Authorities amply bear out this distinction. As a leading Evidence treatise has explained, objections that a video or film "has been edited and is therefore misleading" are to be "resolved pursuant to Rule 403." 2 McCormick on Evidence § 216 (7th ed.). United States v. Damrah, 334 F.Supp. 967 (S.D. Ohio 2004), exemplifies this approach. In that case, the defendant argued that video tapes had not been sufficiently authenticated because they were "edited and spliced" and "may have therefore been misleading." Id. at 984. Regardless of whether deletions and rearrangements rendered the finished product misleading, the Court was "satisfied that the videos fairly depict the actual events that took place." Id. In short, "the tapes fairly and accurately (although perhaps not completely) depict the events they purport to depict, editing and splicing not to the contrary." Id. at 985. Affirming this decision on appeal, the Sixth Circuit noted that the defendant did "not question the fact that he and his words are depicted in the videotapes." United States v. Damrah, 412 F.3d 618, 628 (6th Cir. 2005). Similarly, in Asociación de Periodistas de Puerto Rico v. Mueller, 680 F.3d 70 (1st Cir. 2012), the plaintiffs described contested videos as "incomplete" and "extensively edited, " but they did "no[t] . . . say that the videos do not show actual footage of the incident in question, " id. at 79. For that reason, there was "no serious basis for disputing the authenticity of the videos." Id. at 80; see also Mills v. Riggsbee, Civ. No. 05:12-148- KKC, 2013 WL 6243951, at *3 (E.D. Ky. Dec. 3, 2013) ("[E]ven if the video could be sufficiently authenticated, it should be excluded from trial pursuant to Rule 403.").

         Armstrong has cited no authority for the proposition that an otherwise authentic video clip may be rendered inauthentic because some actually spoken words have been omitted and others reordered. Of course, Armstrong may later move the Court to exclude certain video footage as unduly misleading under Rule 403, and at trial he may invoke Rule 106 to introduce more-complete versions of any footage "that in fairness ought to be considered at the same time." Relator may well wish to obtain raw, unedited versions of the relevant footage in anticipation of such challenges. Moreover, based on the legal principles articulated in this Opinion and Order, the Court expects that Armstrong will in good faith stipulate to the authenticity of any video clips in which he appears to be speaking. Indeed, Armstrong’s interrogatory response leaves him little room to do otherwise. See Scott Decl. Ex. A, at 5-6 (referring to "Armstrong’s answers, " "his answers, " "statements that Armstrong made, " and "[w]ords that Armstrong uttered"); see also Decl. Paul D. Scott Supp. Relator’s Summ. Disc. Dispute Ex. B ("Lance Armstrong Deposition"), at 696:4-5, ECF No. 440 ("[I]f it’s me and I’m talking and my mouth is moving, that’s me."). But the Court will not require Armstrong to supplement his interrogatory response or to sit for further deposition time.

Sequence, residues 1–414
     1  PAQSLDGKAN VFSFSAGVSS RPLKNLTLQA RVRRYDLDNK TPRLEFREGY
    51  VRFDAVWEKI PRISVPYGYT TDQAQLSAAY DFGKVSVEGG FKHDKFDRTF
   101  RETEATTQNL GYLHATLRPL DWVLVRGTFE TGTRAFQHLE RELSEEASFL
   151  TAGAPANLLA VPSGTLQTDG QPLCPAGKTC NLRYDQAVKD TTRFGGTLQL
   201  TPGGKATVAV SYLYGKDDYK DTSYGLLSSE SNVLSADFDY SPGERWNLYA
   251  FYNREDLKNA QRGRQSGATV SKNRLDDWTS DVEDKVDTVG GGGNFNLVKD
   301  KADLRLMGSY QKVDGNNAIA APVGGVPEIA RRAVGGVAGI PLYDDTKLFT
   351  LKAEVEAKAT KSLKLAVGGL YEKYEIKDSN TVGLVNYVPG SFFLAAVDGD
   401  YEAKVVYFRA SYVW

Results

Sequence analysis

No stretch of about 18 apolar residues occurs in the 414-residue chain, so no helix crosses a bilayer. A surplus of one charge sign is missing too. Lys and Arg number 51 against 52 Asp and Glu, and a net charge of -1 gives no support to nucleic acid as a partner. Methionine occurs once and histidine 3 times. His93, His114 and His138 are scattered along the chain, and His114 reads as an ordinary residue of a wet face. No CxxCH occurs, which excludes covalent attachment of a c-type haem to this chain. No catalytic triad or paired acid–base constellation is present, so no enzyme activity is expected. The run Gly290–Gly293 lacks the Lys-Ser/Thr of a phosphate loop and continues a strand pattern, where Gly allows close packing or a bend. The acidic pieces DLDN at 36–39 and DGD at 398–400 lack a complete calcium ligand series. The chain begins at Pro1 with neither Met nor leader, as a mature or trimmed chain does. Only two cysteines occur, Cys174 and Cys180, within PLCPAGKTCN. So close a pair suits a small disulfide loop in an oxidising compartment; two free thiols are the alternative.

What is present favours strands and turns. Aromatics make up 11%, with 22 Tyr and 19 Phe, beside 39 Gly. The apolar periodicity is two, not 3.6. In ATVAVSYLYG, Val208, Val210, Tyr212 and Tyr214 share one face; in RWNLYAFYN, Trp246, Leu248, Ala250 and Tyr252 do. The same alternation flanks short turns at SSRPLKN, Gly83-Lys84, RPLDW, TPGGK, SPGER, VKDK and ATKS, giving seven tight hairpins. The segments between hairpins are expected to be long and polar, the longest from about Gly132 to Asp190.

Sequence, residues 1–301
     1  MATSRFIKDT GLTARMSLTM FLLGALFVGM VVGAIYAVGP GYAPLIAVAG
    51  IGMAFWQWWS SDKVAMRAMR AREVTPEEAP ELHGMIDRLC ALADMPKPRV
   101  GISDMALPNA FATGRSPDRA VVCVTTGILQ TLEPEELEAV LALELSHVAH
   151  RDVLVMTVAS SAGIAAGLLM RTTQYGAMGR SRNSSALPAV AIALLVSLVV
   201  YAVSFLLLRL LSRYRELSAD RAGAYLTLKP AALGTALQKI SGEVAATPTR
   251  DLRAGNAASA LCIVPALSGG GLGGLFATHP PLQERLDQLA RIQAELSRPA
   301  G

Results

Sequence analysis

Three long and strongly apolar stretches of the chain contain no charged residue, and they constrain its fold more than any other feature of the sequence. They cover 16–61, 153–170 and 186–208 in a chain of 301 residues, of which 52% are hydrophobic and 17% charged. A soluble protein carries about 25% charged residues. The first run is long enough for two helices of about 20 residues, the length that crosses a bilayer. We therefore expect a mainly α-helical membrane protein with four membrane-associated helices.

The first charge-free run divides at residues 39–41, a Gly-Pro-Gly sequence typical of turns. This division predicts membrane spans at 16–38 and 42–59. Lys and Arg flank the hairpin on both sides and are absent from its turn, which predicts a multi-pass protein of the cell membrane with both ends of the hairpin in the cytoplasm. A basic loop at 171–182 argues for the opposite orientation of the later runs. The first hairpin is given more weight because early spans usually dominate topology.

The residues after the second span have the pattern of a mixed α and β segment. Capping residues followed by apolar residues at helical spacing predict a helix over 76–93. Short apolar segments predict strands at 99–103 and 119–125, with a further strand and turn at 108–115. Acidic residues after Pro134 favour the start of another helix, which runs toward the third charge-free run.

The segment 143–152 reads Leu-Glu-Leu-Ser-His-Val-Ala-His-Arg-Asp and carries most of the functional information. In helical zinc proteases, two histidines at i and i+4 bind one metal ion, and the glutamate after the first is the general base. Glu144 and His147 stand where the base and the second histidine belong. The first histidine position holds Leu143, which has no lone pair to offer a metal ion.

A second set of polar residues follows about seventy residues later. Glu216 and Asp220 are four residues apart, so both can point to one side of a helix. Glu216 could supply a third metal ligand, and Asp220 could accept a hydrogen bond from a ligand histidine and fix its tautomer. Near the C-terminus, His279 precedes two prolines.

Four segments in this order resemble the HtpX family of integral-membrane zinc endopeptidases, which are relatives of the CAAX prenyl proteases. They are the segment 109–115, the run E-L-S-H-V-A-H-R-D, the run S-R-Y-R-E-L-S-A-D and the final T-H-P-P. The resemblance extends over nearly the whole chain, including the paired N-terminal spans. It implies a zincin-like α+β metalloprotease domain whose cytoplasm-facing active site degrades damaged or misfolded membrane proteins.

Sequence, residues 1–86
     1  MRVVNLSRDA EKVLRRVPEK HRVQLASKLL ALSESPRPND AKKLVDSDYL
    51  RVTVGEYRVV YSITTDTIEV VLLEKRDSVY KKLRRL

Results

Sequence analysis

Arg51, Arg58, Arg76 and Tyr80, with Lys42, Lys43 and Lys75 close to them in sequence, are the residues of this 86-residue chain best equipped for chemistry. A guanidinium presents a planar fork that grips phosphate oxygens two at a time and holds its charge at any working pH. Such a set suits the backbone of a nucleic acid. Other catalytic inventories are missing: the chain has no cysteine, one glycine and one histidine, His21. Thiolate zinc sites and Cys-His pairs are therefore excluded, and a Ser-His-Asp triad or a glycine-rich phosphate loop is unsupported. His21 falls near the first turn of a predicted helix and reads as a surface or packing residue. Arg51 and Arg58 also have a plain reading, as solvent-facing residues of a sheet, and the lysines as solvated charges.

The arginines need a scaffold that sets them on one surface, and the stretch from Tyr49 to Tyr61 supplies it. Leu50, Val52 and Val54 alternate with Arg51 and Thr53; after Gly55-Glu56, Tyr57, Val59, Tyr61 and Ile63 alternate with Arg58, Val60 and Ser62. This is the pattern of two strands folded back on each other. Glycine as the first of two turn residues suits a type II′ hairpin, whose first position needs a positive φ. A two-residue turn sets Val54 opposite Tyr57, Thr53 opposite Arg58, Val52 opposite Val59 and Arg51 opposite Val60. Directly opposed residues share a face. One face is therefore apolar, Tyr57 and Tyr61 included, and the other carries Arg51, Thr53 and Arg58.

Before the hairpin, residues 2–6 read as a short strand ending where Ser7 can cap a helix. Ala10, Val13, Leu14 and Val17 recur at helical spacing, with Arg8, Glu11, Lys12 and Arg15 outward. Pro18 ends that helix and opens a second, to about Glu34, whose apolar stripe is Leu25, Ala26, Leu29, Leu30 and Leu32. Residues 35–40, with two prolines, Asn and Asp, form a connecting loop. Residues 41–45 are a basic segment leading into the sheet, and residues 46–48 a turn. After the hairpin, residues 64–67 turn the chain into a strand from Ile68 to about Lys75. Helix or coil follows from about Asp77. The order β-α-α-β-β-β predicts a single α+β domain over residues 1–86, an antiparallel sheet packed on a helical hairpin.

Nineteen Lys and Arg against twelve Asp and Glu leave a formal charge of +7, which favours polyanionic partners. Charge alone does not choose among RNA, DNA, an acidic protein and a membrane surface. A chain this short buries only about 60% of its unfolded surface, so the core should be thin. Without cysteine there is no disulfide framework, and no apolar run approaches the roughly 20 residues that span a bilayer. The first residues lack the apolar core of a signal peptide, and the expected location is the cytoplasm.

Nor will the Court order Armstrong to identify any alleged errors in the transcript of The Armstrong Lie provided to him by Relator on September 18, 2015. Relator is equally able to identify discrepancies between the words actually uttered in the documentary and the text of a corresponding transcript. If Relator wishes to include relevant portions of the transcript in his trial exhibits, the Court expects him to ensure their accuracy. If necessary, Armstrong may object to the accuracy of Relator’s transcript designations in advance of trial.

         For the foregoing reasons, it is hereby ORDERED that Relator’s Motion to Compel, as reflected in his [478] ...